Anyone needing to pinpoint the effect of information shared on social channels and work out the geographic spread of that information must currently use a variety of systems. If new types of media emerge, new systems will be needed to analyse them. This presents two related risks: specialists become overloaded with a proliferation of geospatial systems; and solutions to new problems take too long to be developed.
Adapt to survive
To address this issue, we must adapt existing systems so that they can cope with the evolving landscape and provide a comprehensive COP. This means that systems must be developed with a focus on open standards and an API that enables end users to integrate new types of geospatial data.
Furthermore, developers must usefully integrate the data into the COP. For example, they can geofence major urban areas, scouring unstructured Tweet data for nefarious terms and raising red flags for analysts. Similarly, word cloud tools and timeline features can help analysts identify how conversations evolve over time. The ultimate benefit of this is that the data does not exist in a vacuum, so analysts can identify potential threats and immediately use the COP system to coordinate operations.
Flexible COP systems do already exist, including many of NATO’s C2, C3 and C4ISR systems, such as the ICC (Integrated Command and Control) and iGeoSIT (interim Geospatial Intelligence Tool). This has allowed it to respond quickly to changing needs – when it needed to develop a situational awareness application capable of combining data from all military domains, it could combine components from existing systems to quickly create the Interim Joint Common Operational Picture (JCOP).
The same process can be applied to integrating geospatial data from the social domain into existing systems. Existing situational awareness systems, such as JCOP and its successor NCOP (NATO Common Operation Picture), could be extended with software components designed to extract and analyse social media data, integrating the capability of bespoke geospatial social media analysis tools into existing systems.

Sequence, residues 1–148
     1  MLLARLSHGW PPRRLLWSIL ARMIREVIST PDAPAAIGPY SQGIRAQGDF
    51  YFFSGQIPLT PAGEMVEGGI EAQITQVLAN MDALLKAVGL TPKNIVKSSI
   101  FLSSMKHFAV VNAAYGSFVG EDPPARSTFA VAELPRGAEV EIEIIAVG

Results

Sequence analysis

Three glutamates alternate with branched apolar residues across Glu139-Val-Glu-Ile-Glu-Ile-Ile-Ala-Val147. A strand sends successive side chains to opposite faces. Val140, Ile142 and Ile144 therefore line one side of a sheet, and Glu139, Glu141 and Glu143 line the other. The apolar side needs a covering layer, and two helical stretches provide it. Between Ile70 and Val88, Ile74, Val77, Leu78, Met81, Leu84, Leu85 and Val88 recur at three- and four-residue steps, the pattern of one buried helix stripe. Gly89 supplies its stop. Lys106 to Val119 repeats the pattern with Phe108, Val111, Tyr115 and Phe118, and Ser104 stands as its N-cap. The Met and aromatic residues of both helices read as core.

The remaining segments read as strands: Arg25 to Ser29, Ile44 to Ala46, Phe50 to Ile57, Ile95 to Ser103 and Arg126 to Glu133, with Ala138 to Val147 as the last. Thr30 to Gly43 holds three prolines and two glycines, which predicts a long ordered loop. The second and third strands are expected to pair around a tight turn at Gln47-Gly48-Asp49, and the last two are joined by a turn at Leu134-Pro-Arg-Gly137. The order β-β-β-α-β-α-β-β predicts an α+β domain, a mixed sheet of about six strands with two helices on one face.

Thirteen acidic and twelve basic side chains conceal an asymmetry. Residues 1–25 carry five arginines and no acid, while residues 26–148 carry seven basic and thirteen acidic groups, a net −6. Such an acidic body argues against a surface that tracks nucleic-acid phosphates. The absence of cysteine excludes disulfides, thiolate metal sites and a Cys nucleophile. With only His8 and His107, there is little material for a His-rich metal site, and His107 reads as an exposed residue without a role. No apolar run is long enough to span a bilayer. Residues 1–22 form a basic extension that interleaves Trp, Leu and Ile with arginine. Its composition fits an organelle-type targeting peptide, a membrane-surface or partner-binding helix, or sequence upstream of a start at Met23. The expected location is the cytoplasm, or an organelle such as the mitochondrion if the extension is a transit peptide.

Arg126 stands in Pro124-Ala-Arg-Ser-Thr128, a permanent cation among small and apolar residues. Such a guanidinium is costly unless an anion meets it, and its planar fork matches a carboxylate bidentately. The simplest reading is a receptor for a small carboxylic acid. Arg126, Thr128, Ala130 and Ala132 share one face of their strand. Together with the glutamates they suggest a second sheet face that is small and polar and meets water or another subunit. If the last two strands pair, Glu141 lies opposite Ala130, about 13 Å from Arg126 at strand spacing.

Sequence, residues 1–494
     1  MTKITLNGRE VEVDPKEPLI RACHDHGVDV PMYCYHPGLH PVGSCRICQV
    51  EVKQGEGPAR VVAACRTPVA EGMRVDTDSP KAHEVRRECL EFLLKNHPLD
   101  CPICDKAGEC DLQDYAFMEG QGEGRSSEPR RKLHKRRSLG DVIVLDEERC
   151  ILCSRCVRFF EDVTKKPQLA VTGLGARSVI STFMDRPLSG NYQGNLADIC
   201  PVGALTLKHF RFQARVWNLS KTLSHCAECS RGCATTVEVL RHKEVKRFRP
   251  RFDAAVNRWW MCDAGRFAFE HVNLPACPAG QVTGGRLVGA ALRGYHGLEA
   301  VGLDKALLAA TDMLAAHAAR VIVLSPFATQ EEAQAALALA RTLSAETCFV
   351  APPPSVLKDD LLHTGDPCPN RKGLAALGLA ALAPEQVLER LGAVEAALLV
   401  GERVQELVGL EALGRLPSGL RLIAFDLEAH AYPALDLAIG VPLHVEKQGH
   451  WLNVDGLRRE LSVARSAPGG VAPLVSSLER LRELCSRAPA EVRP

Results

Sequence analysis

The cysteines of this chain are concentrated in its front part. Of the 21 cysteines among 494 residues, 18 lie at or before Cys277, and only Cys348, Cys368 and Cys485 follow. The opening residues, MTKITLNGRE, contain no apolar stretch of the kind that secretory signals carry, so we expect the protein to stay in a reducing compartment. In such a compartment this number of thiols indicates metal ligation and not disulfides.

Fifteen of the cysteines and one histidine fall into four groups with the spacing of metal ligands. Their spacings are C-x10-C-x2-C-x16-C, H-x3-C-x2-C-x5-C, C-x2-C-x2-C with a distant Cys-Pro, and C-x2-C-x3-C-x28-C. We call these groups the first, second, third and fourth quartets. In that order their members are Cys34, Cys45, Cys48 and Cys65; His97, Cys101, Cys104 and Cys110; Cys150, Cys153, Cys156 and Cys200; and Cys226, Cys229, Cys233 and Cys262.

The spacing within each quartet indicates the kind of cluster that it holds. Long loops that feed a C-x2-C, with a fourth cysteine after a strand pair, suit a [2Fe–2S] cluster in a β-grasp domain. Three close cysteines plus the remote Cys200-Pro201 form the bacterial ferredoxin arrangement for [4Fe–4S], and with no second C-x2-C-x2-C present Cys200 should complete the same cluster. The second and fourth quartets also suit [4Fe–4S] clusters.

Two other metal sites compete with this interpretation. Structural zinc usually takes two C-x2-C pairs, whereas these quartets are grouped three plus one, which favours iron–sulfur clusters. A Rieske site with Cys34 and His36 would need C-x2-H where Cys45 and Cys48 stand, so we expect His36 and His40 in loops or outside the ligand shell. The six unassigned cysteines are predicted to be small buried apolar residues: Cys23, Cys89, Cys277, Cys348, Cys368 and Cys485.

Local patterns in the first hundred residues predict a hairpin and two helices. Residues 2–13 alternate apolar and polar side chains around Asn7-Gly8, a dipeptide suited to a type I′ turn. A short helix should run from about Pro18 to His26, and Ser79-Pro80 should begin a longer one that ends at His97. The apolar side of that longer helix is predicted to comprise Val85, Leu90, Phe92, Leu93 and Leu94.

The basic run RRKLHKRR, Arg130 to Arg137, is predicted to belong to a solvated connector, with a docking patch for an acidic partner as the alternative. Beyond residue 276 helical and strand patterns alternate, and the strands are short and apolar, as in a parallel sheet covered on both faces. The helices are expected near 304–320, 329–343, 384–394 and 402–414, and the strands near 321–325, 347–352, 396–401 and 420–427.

Integrating social media data into geospatial command and control systems in this way has the potential to counter some of the key threats presented by hybrid war. It would allow operational staff at all levels to cross-reference the spread of information through social media channels with other forms of intelligence already integrated into existing systems.
For example, the spread of misinformation could be correlated with reports of civil disruption caused by this misinformation, which would allow commanders to formulate a strategy informed by the specific causes of that disruption. It would also allow for the rapid assessment of physical assets in areas affected by hostile action taken through digital channels, allowing for quick decision making to respond to threats as they emerge.
This doesn’t mean that the work of analysts using specialist tools would no longer have value. Instead, it would be used to inform future operations, real-time geospatial data being used to respond to developing situations.
By developing systems used by all those working in the field flexibly, hybrid systems capable of tackling the emerging threat of a cyber-physical hybrid war can be deployed and used to rapidly respond to this new form of war.
Marc Melviez is CEO of Luciad